From: Vincent Campbell (VCampbell@dmu.ac.uk)
Date: Wed 11 Jun 2003 - 10:59:40 GMT
Thanks again, Derek,for these refs.
Far be it from me to critique an article from an abstract... but I couldn't
leave this one alone:
<Inhibiting Imitative Terrorism through Memetic
Journal of Contingencies and Crisis Management, June 2003, vol. 11, no. 2, pp. 61-66(6)
The title's a bit of a giveaway, isn't it?
<Some acts of terrorism are the consequence of an
> individual or group's imitation of an act of
Define imitation, and provide evidence to show that an an act is a direct imitation, and not simply the same act. (Unless every person who shoots someone else, is copying Dirty Harry, or some other mediated act of shooting).
<which has previously been publicised
> through the media.>
What I particularly like about this is the presumption that media content is available to everyone everywhere, and therefore that's the way, the copycat finds out about the trigger event. So suicide bombers in Kabul, or Algeria, or Iraq, must be doing it because they see it in Palestine via al-jazeera, or perhaps we should be blaming CNN or the BBC World Service.
<Media reports of terrorism appear to be rising, feeding a
potentially increasing number
> of imitative behaviours.>
'Appear'? You've got to be a bit more exact with the evidence to back that claim up, and besides reporting of terrorism, is not the same thing as depicting the acts.
<Such reports may provide individuals who are frustrated, angry,
> suffering from personality disorders>
Well, at least they get the predisposition thing in there, not that it slows them down,
<with the means>
Oh, so reading the NY Times (OK bad choice, since it's all made up
and robbed from other sources) gives people the home-made bombs of the
suicide bombers, or maybe flying lessions for a commercial airliner.
<and the motivation>
Oh hang on, I thought they were acknowledging predisposition, but
now this is suggestion significant psychological change through media
exposure, leading to behavioural change, a really flawed notion (and, at the
very least, very difficult to demonstrate empirically, despite the regulat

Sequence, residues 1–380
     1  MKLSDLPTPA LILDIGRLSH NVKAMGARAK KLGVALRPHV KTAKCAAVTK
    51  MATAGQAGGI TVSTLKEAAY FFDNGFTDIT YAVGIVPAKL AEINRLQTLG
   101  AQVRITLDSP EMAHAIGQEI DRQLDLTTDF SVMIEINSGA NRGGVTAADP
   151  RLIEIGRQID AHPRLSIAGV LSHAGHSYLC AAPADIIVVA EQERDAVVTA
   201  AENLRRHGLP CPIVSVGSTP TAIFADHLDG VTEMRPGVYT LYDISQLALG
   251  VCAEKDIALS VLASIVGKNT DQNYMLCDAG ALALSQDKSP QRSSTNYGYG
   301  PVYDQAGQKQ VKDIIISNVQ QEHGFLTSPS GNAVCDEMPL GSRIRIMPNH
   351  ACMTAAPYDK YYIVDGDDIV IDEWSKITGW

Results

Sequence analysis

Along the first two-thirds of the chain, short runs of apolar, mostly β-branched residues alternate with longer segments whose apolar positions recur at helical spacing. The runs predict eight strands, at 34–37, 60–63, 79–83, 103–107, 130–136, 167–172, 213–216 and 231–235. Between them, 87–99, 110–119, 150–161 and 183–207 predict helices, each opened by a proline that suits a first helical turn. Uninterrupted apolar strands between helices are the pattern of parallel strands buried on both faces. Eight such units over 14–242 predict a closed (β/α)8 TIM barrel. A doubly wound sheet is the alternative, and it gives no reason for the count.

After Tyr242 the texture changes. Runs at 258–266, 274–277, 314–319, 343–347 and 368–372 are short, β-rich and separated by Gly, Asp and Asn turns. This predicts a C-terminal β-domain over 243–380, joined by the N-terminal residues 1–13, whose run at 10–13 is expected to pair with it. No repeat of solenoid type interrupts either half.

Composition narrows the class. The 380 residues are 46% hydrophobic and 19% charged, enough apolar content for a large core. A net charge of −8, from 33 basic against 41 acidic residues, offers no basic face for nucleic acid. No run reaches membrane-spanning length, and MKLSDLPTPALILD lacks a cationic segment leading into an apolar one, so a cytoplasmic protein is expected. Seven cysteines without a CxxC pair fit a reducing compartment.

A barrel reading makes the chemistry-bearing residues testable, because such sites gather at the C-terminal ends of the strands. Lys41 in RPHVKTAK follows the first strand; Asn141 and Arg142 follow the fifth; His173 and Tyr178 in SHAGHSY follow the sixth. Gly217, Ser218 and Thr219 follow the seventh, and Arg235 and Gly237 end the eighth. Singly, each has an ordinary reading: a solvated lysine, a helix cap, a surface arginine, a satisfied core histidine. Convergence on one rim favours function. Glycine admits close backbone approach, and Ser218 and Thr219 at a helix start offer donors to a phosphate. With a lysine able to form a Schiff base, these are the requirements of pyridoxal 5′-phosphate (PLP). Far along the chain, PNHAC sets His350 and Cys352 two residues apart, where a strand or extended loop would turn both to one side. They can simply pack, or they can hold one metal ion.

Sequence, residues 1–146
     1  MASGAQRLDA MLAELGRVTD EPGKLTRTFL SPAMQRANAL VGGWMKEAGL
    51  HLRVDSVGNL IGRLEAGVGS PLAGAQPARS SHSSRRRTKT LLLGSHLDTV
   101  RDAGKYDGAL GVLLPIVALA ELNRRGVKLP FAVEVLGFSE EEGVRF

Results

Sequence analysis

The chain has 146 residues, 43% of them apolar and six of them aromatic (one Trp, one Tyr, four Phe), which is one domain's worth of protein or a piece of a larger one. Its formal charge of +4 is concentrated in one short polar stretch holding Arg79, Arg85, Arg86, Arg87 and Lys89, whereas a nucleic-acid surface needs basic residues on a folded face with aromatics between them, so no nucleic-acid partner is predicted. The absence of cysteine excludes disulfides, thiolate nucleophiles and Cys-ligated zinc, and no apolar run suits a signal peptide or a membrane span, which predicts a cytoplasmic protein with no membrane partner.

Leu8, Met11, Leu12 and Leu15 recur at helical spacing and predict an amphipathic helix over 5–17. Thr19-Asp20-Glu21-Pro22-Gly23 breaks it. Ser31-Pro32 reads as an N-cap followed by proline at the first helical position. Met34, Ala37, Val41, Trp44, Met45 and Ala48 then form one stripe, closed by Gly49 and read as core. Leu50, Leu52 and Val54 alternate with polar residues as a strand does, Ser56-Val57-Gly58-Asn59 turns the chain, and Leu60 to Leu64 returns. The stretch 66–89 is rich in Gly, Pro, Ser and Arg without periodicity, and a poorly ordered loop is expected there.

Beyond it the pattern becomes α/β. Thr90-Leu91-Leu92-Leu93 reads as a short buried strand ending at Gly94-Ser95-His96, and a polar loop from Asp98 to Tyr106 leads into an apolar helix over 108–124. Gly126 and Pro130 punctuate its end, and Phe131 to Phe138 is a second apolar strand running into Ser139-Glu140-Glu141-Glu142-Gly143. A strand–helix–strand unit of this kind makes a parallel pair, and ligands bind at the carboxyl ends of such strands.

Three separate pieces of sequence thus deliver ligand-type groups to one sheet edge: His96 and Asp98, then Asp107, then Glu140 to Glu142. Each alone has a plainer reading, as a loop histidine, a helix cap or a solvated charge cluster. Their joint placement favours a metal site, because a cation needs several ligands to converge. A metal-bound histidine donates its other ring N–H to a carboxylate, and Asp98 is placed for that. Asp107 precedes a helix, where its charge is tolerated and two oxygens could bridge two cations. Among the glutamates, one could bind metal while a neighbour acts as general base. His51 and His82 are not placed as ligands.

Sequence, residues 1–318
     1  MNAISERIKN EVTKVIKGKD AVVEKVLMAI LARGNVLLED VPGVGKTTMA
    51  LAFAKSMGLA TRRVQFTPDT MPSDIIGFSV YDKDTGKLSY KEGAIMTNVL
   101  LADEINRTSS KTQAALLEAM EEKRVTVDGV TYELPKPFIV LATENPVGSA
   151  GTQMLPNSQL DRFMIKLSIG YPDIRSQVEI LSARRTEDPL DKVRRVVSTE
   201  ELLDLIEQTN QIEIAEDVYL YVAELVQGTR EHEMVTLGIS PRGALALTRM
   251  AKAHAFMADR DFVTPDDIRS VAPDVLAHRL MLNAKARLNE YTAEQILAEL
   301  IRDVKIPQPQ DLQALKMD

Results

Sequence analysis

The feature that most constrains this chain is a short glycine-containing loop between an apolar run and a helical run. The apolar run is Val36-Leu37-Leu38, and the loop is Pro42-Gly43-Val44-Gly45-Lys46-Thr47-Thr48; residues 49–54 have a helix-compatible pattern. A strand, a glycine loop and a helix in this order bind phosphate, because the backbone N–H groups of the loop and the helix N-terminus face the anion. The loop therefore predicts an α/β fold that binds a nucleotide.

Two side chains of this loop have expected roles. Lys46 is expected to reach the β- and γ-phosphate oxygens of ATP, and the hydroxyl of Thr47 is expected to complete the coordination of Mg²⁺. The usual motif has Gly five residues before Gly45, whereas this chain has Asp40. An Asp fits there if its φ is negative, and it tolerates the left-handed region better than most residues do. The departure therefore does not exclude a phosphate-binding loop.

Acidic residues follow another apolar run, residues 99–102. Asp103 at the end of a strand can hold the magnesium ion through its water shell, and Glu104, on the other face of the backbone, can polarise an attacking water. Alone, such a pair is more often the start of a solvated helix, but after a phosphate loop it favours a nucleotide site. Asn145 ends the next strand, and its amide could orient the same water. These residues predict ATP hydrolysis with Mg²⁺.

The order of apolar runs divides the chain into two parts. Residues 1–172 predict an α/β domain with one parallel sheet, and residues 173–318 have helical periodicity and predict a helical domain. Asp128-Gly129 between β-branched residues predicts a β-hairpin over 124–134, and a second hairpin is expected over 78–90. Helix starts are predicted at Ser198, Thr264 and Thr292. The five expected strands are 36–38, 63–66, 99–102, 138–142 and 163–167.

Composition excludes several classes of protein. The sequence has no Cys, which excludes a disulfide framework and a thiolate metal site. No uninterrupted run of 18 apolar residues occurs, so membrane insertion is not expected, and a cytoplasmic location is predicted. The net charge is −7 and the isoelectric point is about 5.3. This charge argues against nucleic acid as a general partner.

bullshit from the APA , amongst others, about media violence)
<to copy what is perceived to be a method of gaining attention>
Well, perhaps, but what such writers always miss is that such
actions are consistently and routinely framed as negative events- terrible
acts etc., so the attention gained is not positive coverage- and if the
coverage can affect behaviour, then the nature of coverage can't be ignored.
<or what is perceived to be an acceptable method of venting anger
This is the argument about suicide contagion isn't it, essentially
that reports of someone doing something an audience member was considering
gives the green light by means of suggesting the acceptability of the act.
As above though, the nature of the coverage, if it's having that much affect
on behaviour, must play a part.
<Through memetic engineering, the interpretations that
> are placed upon acts of violence can be manipulated to
> appear undesirable to even the most unbalanced minds,
> which it is argued, should inhibit the spread of
> imitative terrorism.>
Rubbish. This kind of thing reminds me why I changed jobs, so I didn't have to teach all those dodgy people wanting to become PR professionals (some of them were quite nice people to talk to, to be fair).
The blithe manner in which some disciplines are throwing around
memetic engineering as if it were an actual tool, is astonishing. I think
they're using the term as a front for propaganda, just like the advertising
people are using the term viral marketing simply to sidestep industry
watchdogs (there was a piece in The Independent about this last week) so
they can put dodgy ads on the web.
This was distributed via the memetics list associated with the
Journal of Memetics - Evolutionary Models of Information Transmission
For information about the journal and the list (e.g. unsubscribing)
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